- Adaptational Ugliness: Basil Karlo in the comics had the leading man look. This Basil Karlo is pretty ugly and buck-toothed.
- Attention Whore: Not only doesn't he even try to hide from security cameras, he'll look into them and boast about what he's going to do. He also went on a news program and tried to tell a bogus sob story. In fact, aside from a brief instant when he felt some regret after attacking some people for rejecting him for an acting job, he embraces it after realizing he's famous because of it now and got angry when Batman was mentioned in the aforementioned news program.
- Bad "Bad Acting": He wasn't a good actor before he became Clayface and he still sucks at it when he gets his powers.
- Dark and Troubled Past: Subverted as he doesn't really seem to have one and parodied it as he tried to tell a story where he and his sister had to fend for themselves, but the reporter he tells it to clearly wasn't buying it.
- Decomposite Character: While he is a Clayface, in the comics, he's the original one, a role taken by Ethan Bennett here.
- Elemental Shapeshifter: The same as the original Clayface though noticeably more powerful, able to create more sophisticated tools out of his body and even grow to the size of a small building.
- Evil Counterpart: To Ethan.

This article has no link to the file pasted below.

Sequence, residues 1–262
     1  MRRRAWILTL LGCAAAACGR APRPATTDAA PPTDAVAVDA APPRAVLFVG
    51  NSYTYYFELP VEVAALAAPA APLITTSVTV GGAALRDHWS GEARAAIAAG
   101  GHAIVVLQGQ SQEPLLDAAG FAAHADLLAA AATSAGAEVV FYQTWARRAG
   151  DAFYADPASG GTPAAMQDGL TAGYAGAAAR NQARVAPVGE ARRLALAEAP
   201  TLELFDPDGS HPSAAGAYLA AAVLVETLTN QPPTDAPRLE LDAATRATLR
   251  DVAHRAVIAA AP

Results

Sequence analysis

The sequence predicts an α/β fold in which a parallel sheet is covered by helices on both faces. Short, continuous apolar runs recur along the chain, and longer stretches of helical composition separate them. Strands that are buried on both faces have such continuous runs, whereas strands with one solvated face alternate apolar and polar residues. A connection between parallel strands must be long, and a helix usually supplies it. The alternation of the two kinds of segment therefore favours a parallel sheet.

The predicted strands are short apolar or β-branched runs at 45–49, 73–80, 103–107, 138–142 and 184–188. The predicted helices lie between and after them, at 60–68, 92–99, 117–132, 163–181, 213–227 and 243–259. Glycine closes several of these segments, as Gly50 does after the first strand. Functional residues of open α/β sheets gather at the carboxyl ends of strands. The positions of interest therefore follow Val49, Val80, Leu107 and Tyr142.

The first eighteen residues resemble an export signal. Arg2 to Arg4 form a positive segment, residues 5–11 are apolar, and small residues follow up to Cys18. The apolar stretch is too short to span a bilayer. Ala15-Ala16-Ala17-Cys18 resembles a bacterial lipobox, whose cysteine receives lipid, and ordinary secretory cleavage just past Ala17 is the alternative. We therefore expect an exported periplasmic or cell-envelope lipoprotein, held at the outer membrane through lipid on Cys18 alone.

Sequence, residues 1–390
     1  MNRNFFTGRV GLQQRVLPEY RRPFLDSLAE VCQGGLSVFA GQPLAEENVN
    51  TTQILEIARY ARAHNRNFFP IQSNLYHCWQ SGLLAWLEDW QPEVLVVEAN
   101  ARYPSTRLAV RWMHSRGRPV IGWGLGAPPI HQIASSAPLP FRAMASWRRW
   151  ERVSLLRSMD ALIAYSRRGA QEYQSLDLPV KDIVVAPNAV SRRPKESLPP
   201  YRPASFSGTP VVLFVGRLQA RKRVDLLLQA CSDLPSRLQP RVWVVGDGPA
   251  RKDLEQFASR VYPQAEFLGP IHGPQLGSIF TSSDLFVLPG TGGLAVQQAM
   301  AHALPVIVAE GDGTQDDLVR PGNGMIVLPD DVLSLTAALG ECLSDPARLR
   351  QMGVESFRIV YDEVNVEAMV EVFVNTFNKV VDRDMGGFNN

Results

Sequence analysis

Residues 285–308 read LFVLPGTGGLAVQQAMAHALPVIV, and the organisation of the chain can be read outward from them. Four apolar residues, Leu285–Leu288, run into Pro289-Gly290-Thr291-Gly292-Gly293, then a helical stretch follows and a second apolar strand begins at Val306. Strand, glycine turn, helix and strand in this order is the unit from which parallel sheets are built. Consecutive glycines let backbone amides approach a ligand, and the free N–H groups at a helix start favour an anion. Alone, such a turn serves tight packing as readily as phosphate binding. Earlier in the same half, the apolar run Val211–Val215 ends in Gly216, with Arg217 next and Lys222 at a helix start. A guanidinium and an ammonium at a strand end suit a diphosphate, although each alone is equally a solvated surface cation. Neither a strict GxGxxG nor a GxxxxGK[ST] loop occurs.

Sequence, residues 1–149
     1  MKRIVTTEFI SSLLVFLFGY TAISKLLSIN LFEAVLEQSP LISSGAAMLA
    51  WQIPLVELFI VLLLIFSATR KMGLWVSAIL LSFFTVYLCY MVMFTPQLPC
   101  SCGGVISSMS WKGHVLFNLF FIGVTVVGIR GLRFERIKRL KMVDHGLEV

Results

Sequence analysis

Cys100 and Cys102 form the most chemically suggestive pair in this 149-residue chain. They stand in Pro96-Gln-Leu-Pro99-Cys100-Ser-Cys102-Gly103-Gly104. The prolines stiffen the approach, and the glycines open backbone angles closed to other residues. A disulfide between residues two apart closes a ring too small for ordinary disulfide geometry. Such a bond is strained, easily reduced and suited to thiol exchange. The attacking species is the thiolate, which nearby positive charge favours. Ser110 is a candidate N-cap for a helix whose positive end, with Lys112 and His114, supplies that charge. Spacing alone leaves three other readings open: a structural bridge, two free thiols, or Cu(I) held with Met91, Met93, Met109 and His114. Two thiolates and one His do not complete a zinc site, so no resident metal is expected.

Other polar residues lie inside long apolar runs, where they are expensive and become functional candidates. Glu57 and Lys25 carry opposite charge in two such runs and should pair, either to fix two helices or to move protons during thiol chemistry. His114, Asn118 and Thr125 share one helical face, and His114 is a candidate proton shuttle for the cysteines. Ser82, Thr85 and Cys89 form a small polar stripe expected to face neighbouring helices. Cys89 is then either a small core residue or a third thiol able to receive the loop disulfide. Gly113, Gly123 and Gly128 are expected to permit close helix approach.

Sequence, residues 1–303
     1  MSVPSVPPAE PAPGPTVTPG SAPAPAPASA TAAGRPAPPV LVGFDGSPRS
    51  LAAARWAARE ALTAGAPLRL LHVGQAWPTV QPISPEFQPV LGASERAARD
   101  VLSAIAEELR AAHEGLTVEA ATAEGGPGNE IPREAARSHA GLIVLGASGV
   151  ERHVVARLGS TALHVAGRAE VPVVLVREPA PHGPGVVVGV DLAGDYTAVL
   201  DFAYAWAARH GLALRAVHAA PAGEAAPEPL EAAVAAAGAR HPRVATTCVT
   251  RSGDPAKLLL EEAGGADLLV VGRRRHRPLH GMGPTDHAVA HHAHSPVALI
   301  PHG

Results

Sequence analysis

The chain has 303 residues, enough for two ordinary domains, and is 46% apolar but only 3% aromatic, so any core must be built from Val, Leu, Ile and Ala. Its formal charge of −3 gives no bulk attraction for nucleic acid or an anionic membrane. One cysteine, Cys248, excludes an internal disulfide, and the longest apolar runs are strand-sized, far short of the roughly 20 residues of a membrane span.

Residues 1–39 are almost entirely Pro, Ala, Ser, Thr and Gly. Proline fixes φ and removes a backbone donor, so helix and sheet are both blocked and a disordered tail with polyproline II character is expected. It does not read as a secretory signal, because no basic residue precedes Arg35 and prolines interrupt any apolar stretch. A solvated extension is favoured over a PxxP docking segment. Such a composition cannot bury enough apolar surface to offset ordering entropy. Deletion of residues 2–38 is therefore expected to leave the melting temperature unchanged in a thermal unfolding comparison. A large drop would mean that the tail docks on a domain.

- Legacy Character: Which is ironic, considering that the Karlo of the comics was the progenitor of the identity.
- Large Ham: Considered one in-universe, complete with having starred in a Stylistic Suck B-Movie Parody in which he hams like you wouldn't believe. Becoming Clayface only made it worse, really.
- Paper-Thin Disguise: Karlo's acting is so bad, that even with his shape-shifting anyone can see through his disguise just by hearing him speak.
- Superior Successor: More powerful than Ethan Bennett, attributed in-universe to his taking a larger dose of mutagen.
Black Mask (Roman Sionis?)
A mysterious crime lord wearing a black mask, which seems to be permanently attached to his face. He's in charge of a large crime syndicate with dozens of armored mercenaries at his command.
- Bad Boss: Never let yourself get delayed or question his plans if you value your life, as two of his Number Ones learned the hard way. He'll also assign a random mook to take over as Number One.
- The Chessmaster: Many of his plans fall into this.
- Clock King: Usually plans things to the second.
- Didn't See That Coming: His reaction to when his plans fail.
- Evil Plan: As a villain, he plots a few.
- Evil Sounds Deep: He's voiced by James Remar.
- Faux Affably Evil: Towards his enemies.
- Hannibal Lecture: Tries it on Robin and Batgirl.
- Knight of Cerebus: In his first appearance, he very nearly succeeds in destroying Gotham City and unlike other villains, has no humorous traits whatsoever. He also isn't above lethally punishing incompetence.